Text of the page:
Seedling emergence is an important trait that can limit commercialization of sweet corn hybrids. This study was designed to test what effect beneficial QTL alleles that enhance seedling emergence exert when introgressed, using marker-assisted backcrossing, into sweet corn commercial germplasm. Three RFLP marker alleles linked to QTL that enhanced seedling emergence were identified in an F2:3 sweet corn mapping population. A recombinant inbred line (RIL, F8) derived from this population was used as a donor parent to backcross the marker-QTL alleles into three elite commercial sweet corn inbreds. Plants in the three segregating BC2 populations were crossed to the non-recurrent commercial inbreds to produce three BC2F1 populations with families either segregating or lacking the marker donor allele(s). These three populations were evaluated for seedling emergence under field conditions in two successive years. Across the three populations, BC2F1 families segregating for the donor QTL allele linked to the marker umc139 (on chromosome 2), bnl9.08 (on chromosome 8), or php200689 (on chromosome 1) displayed 40.8, 30.2, and 28.2% increases in seedling emergence, respectively, over the unmodified F1s. The introgressed QTL alleles were observed to enhance seedling emergence in the BC2F1 generation as was observed in the original F2:3 mapping population. Marker-QTL associated effects were reproducible across generations and populations indicating that QTL identified in one population can exert similar effects in different genetic backgrounds. Results suggest that using DNA marker technology can help to identify and introgress beneficial QTL alleles, shortening the time and resources required to develop improved germplasm.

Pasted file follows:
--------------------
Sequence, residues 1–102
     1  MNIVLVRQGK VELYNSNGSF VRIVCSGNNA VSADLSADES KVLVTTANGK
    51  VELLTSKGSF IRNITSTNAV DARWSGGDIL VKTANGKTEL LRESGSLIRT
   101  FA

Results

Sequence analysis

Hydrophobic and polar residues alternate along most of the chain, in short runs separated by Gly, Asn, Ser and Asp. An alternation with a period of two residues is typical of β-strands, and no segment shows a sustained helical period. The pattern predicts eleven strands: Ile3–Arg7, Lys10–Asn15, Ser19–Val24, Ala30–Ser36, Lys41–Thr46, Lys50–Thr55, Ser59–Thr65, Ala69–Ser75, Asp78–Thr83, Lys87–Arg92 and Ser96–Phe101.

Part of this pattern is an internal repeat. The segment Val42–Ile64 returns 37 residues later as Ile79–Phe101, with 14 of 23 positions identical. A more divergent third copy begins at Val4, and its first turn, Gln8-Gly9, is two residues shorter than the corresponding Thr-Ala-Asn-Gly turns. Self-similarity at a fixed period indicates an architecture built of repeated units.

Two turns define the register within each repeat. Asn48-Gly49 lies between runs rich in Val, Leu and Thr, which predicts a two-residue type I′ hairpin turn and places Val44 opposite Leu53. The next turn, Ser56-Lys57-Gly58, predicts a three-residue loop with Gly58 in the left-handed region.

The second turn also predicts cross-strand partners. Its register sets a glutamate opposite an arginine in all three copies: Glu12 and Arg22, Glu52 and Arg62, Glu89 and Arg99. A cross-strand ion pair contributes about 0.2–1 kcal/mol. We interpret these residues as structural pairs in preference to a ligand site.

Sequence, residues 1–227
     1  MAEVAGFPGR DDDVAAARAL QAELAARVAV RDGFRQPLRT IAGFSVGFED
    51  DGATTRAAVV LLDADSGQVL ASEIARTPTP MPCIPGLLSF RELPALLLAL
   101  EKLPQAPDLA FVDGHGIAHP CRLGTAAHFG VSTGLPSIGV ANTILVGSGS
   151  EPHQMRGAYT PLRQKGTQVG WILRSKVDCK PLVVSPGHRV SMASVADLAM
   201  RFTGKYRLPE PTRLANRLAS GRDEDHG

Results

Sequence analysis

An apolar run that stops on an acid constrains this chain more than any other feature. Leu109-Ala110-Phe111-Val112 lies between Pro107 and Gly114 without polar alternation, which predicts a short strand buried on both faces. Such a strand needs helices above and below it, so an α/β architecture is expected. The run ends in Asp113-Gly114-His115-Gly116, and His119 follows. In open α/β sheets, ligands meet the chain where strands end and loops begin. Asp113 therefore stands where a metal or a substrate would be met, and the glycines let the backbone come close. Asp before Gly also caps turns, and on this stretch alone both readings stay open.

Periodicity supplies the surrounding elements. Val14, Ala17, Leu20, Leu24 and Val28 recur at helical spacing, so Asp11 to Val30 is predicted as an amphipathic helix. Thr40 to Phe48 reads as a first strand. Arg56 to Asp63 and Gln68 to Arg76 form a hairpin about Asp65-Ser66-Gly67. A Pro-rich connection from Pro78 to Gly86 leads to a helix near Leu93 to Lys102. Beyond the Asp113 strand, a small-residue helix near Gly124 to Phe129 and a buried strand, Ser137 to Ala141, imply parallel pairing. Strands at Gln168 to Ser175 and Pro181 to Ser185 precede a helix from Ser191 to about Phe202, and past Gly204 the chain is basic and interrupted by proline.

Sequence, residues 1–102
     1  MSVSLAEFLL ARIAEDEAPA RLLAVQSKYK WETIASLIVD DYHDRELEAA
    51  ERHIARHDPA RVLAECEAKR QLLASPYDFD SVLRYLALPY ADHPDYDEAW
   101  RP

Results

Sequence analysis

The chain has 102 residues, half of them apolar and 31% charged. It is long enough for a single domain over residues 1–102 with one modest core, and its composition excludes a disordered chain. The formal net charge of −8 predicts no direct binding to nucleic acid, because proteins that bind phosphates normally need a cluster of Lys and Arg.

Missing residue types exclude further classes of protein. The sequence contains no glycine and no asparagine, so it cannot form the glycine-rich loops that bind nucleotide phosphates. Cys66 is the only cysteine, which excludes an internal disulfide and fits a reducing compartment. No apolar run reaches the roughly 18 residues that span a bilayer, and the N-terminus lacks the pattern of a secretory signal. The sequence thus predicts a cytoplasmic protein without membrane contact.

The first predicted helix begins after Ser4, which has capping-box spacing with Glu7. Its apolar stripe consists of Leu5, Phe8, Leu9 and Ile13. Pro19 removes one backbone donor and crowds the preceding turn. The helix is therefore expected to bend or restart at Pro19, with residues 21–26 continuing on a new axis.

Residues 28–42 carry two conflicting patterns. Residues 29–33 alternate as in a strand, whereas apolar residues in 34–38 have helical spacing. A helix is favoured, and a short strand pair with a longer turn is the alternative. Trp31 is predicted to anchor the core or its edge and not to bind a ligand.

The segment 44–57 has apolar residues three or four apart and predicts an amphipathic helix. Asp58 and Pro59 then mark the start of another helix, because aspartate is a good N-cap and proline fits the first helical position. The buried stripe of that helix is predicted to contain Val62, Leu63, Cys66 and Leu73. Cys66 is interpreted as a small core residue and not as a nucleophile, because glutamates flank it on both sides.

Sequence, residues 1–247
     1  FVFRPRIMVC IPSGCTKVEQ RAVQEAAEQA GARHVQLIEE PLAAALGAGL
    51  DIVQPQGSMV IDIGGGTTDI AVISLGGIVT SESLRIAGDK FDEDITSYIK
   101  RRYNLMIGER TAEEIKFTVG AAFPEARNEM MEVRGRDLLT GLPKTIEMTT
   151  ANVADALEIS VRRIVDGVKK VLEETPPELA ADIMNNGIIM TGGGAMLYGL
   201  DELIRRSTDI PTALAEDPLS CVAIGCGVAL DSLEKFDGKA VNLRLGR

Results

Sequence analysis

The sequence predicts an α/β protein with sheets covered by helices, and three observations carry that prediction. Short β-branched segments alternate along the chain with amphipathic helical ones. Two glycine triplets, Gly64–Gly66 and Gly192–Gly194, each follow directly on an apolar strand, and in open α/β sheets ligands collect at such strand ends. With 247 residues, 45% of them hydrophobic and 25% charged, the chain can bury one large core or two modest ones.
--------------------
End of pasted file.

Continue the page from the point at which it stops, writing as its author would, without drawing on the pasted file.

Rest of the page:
|Original language||English (US)|
|Number of pages||9|
|State||Published - Feb 11 2002|
ASJC Scopus subject areas
- Agronomy and Crop Science